Most of the decision making process resides in a very small cadre of individuals, and this where the question of diversity needs to be answered. We all have a tendency to see diversity though the narrow lens of race and class. For this conversation I want to focus on the role of class in the civic decision making process. All too often in these meetings, there is a prevailing parochial middle class lens that shapes and underpins the decision making process. Which baffles me at times, as we have all to a certain extent have achieved a level of recognizable professional success.
I argue that these achievements afford us in the professional class access to a broader world view through travel and access to information (Thank you technology). Yet we constrict the concepts and executable actions to what the community can bear and lowered expectations, that feels downright Victorian at times. There is no empirical data to back this up. I call this the Dayton “Bubble”, which constricts expansion and prevents incursion and bold thoughts and ideas to manifest themselves. And if we would encourage diversity of individuals/ideas in “the Room” where decisions happen, I suspect that bolder projects and ideas would percolate to the surface, but we will never know until we all push for that diversity to happen. I would love to see blue collar workers participating in the civic decision making process, housewives, nurses, janitors and students engaged in making Dayton better. Leaders, I challenge you to broaden the scope of who you invite to the “room”. I challenge you to be creative and fearless in forming your committees.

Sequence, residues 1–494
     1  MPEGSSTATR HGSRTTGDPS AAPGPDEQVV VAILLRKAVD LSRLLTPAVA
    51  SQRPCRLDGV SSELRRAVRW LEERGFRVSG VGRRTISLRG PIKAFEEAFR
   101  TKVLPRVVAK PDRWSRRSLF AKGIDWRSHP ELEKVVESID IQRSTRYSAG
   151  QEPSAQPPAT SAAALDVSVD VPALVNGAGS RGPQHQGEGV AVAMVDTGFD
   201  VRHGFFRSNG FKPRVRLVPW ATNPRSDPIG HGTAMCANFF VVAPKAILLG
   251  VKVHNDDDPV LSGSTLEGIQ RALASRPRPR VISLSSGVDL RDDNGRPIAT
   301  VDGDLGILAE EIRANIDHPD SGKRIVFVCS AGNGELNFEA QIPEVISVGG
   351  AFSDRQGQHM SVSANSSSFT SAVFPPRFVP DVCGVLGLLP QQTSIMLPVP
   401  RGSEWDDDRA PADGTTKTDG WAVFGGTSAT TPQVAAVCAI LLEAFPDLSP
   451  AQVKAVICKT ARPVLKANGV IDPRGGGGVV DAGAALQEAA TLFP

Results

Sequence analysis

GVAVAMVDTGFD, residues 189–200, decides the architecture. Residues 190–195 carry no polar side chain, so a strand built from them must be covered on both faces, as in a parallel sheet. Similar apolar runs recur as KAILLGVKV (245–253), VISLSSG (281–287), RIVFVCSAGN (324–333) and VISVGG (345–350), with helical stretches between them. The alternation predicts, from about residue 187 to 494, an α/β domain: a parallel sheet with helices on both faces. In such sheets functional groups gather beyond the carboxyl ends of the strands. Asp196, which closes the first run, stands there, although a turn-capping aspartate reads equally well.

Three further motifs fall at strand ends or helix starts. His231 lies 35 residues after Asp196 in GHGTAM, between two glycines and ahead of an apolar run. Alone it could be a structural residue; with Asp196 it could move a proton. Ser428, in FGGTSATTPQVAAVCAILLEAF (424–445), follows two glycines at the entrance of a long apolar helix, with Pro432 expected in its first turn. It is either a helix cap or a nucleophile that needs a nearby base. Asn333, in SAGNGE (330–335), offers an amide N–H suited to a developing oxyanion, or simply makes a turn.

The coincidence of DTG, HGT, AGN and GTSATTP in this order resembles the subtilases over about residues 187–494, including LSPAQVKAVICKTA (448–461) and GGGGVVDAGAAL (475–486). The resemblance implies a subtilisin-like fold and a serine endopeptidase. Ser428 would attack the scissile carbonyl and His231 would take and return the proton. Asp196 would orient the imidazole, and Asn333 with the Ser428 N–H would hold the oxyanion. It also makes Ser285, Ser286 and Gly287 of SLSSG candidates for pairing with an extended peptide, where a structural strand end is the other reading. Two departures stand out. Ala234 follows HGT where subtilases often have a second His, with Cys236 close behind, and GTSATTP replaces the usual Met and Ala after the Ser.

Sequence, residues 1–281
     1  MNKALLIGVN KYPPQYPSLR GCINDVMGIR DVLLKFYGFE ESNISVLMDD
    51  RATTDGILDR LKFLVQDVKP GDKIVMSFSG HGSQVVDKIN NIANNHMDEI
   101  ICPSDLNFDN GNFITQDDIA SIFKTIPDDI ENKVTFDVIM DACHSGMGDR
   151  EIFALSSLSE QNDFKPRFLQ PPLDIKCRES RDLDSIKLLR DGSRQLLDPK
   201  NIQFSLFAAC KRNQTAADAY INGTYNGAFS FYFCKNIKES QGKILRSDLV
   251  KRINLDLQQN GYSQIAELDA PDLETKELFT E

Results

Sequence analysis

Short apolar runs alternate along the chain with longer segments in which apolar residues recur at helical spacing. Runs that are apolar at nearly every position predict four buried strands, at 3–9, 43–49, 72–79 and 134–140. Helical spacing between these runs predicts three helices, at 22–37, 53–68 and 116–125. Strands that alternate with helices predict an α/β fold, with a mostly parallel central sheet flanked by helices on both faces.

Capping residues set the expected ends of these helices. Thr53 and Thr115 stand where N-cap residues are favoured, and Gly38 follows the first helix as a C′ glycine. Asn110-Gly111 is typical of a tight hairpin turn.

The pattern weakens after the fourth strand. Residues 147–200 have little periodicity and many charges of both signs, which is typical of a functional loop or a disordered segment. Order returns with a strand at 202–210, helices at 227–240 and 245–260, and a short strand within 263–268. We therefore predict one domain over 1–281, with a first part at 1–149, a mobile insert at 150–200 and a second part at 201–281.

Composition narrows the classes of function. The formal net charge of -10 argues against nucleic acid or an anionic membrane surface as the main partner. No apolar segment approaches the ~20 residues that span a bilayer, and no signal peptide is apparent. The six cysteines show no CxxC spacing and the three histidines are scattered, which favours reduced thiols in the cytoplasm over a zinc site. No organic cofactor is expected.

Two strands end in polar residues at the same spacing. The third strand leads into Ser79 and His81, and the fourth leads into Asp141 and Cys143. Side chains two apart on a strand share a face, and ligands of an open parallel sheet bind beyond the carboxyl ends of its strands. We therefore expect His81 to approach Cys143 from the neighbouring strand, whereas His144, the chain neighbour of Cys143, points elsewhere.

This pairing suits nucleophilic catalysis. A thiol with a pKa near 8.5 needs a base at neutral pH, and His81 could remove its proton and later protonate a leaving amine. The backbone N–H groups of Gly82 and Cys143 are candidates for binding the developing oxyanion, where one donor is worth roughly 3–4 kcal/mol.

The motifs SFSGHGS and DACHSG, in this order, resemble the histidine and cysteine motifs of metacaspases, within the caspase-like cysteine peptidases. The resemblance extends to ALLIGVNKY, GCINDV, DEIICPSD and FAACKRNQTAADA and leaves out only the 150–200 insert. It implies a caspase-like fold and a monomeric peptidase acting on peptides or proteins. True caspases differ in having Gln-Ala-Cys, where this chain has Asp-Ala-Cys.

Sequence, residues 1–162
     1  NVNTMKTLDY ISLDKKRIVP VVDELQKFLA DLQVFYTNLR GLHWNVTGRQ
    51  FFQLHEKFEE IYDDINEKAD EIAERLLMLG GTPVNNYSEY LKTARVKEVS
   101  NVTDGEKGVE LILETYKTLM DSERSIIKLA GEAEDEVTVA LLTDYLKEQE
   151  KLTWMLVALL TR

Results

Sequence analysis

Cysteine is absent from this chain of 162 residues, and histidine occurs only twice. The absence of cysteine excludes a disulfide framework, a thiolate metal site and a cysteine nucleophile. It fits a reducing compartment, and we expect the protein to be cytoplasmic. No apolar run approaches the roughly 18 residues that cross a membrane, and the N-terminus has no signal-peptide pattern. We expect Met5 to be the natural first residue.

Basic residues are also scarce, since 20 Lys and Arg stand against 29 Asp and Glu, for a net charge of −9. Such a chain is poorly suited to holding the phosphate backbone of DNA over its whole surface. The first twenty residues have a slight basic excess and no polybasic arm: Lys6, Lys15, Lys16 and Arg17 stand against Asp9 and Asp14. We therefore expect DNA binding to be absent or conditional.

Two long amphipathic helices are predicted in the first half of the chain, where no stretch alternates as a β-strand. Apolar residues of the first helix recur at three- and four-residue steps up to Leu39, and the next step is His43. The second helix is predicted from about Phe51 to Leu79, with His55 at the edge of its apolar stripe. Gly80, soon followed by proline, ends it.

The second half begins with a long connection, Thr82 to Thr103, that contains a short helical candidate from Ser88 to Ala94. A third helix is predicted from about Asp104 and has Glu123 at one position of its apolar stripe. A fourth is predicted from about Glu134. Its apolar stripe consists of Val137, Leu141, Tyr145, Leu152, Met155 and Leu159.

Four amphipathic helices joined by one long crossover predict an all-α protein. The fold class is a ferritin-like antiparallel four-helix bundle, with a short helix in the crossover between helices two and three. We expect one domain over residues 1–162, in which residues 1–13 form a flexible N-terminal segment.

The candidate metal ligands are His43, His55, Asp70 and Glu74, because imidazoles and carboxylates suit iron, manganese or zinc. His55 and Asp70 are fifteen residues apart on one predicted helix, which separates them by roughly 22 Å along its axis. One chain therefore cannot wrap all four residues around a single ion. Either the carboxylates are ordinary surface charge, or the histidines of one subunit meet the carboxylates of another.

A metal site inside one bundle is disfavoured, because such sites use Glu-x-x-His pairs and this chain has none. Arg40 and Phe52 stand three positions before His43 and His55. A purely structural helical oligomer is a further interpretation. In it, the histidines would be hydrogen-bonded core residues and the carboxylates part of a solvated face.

I am not a wealthy individual by any stretch of the imagination and those who know me joke that I am everywhere, working on everything. I come from a Southern family with a ridiculous work ethic. It is true that my sense of civic engagement and a belief that being in service to others and the greater good drive these motivations. I give 30-40 percent of my time, energy and skills to that end. I do not expect everyone to be this obsessive, but secretly I do. If you are not a part of the decision making process for these large scale projects then I challenge you to push, and get your personal projects off the ground.
Call up ten of your friends and each of you put in 100 dollars. Take that thousand dollars and get your project going, or whatever your project needs, Just do it. You may succeed spectacularly or not, but why not take the chance. Now more than ever we need to deconstruct/dismantle the “Dayton Way” and we need to accelerate this renaissance to warp speed. Our city needs color, flavor, sophistication, energy and excitement. We need to let go of the outmoded parochial thinking and look for ways to differentiate ourselves from the thousands of other cities on the planet, that are just like Dayton. Yes, this is a global game not a provincial one, the future is now.